MUSC aids rare sea turtle suffering from head injury
by Melissa Lacas
was swimming along, minding his own business when something badly
banged up his head last fall. The 6-pound Kemp’s Ridley turtle would
have died without his rescue and treatment by MUSC and the Sea Turtle
Hospital of the South Carolina Aquarium in Charleston.
The medical adventure for Myrtle the Turtle, due to the slash on his
face, was guided by the staff veterinarian at the S.C. Aquarium. The
Kemp’s Ridley sea turtle is one of the smallest known sea turtles and
the most endangered among all marine turtles.
Edward Jauch holds his new favorite patient. “Myrtle was a nice
turtle who tolerated the MRI better than most of our patients.” Jauch
said. Dr. Aquilla Turk and Dr. Paul Morgan were also on the MRI team
that gave Myrtle his first MRI.
cause of the trauma is unknown and Myrtle isn’t talking,” quipped Shane
Boylan, DVM, S.C. Aquarium staff veterinarian. Staff suspect a boat
propeller struck Myrtle’s head.
“The damage completely destroyed the left nasal cavity and rhamphotheca, which is the left side of the ‘beak’,” Boylan said.
When Myrtle was brought into the turtle hospital, Boylan was unsure of
the success rate for survival for the little fellow. “The avascular
nature of the wound did not leave much room for hope.”
Although it was a surgical risk given Myrtle’s trauma and blood loss,
he was anesthetized upon arrival at the turtle hospital to alleviate
pain and to try to save as much tissue and bone as possible, Boylan
said. He used surgical wire to help juxtapose the remaining fragments
of Myrtle’s cranium.
The surgery was a success, but as
Myrtle’s head injury continued to heal, something was amiss. Trauma can
create positive buoyancy in sea turtles due to a number of reasons such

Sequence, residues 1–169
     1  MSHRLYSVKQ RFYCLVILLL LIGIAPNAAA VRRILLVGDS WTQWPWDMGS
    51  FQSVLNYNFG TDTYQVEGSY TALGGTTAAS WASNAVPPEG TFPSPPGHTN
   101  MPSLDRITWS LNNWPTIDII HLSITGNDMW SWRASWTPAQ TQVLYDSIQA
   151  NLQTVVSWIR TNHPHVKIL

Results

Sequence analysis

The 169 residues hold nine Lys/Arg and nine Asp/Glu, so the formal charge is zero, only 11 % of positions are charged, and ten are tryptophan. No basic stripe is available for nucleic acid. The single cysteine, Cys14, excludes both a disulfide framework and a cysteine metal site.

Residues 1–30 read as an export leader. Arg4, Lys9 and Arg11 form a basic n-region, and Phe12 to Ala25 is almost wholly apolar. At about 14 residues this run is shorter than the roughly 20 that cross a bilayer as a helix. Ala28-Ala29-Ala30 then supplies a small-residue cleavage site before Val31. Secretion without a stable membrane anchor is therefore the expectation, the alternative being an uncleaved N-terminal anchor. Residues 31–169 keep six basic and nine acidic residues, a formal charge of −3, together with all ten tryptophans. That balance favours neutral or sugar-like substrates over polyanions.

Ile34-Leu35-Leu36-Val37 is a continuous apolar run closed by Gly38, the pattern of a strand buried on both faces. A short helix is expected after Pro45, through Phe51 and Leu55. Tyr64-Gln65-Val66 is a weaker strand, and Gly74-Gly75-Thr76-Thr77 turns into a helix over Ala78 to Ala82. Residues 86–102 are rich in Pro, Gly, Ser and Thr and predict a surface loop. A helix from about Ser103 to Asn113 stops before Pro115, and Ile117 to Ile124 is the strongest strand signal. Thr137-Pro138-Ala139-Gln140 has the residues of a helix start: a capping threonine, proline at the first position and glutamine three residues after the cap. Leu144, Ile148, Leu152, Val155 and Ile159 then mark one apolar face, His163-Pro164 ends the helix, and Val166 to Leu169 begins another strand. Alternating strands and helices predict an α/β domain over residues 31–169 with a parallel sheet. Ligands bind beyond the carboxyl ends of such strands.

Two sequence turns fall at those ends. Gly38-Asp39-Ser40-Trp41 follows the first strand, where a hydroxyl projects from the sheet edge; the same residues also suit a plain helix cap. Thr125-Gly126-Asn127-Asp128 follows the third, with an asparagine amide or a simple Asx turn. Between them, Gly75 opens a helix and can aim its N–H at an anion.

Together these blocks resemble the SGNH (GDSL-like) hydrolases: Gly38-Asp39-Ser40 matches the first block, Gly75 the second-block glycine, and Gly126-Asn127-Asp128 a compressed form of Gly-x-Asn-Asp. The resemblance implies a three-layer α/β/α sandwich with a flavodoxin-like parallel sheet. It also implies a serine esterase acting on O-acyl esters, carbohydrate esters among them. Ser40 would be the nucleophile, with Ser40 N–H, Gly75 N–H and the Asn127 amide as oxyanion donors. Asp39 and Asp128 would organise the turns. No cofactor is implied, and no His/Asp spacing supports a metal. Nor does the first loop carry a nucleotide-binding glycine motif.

as infections leading to gas in distended intestines, tears in the
lungs releasing gas to the coelom (a fluid-filled cavity found in
certain animals), and idiopathic hyper-inflation. In other words, the
trauma created gas in his turtle body, which disrupted his natural
ability to dive and stay submerged long enough to get food.
a 6-pound endangered Kemp’s Ridley sea turtle, receives an MRI at
MUSC’s Center for Advanced Imaging Research on March 13. Myrtle suffers
from head trauma and was rescued by the S.C. Aquarium last fall.
detail could not delineate between hyper-inflated lungs or
coelomically-trapped gas. Myrtle needed an MRI to determine the
location of the gas so Boylan could determine the best approach, but
since the Turtle Hospital isn’t equipped with MRIs, they
turned to MUSC for help.
On March 13, MUSC administered an MRI on the turtle using its new
Siemens 3T Trio scanner housed in the university hospital’s Center for
Advanced Imaging Research.
Emergency Medicine’s Edward Jauch, M.D., and radiologists Aquilla Turk,
D.O., and Paul S. Morgan, Ph.D., formed the MRI team on the unusual
“Myrtle was a nice turtle who tolerated the MRI better than most of our
patients,” Jauch admitted. “Luckily, these are small creatures and once
out of the water, they are very docile. Their hearing is adapted to a
different environment, so MRI sounds will likely not bother it once
The size and shape of the turtle made scanning him easier, the radiologists said.
“Fortunately, the turtle was a similar size to a human head and so was
extremely compatible with the MRI scanner,” Morgan said. “Myrtle also
stayed very still, which helped us take some detailed pictures.”
The MRI was instrumental in localizing the buoyancy to the lungs, and
revealed the positive buoyancy is not due to internal trapped gas. This
discovery avoided the need for surgical exploration, Boylan said.
“MUSC has been fantastic in lending their time and resources to helping
this endangered Kemp’s Ridley,” he added. “We really appreciate all the
To account for his over-buoyancy, Boylan and his team of marine experts
outfitted Myrtle with a system of weights that are enough to enable him
to control his dives to hunt for food, but not so heavy that he can’t
come up for air.
“His recovery has been nothing short of remarkable,” Boylan reported.
“Myrtle, or ‘Tony Montana’ as I respectfully call him due to his new
facial feature, has been undergoing weight belt therapy for a few
months. There is mild improvement in his diving ability, but this type
of therapy can take months.”
To learn more, and keep up with the progress and therapy of Myrtle and
his other recovering marine friends at the S.C. Aquarium, visit
Myrtle’s blog at http://www.scaquarium.org/STR/blog/strblog.html.
Friday, March 27, 2009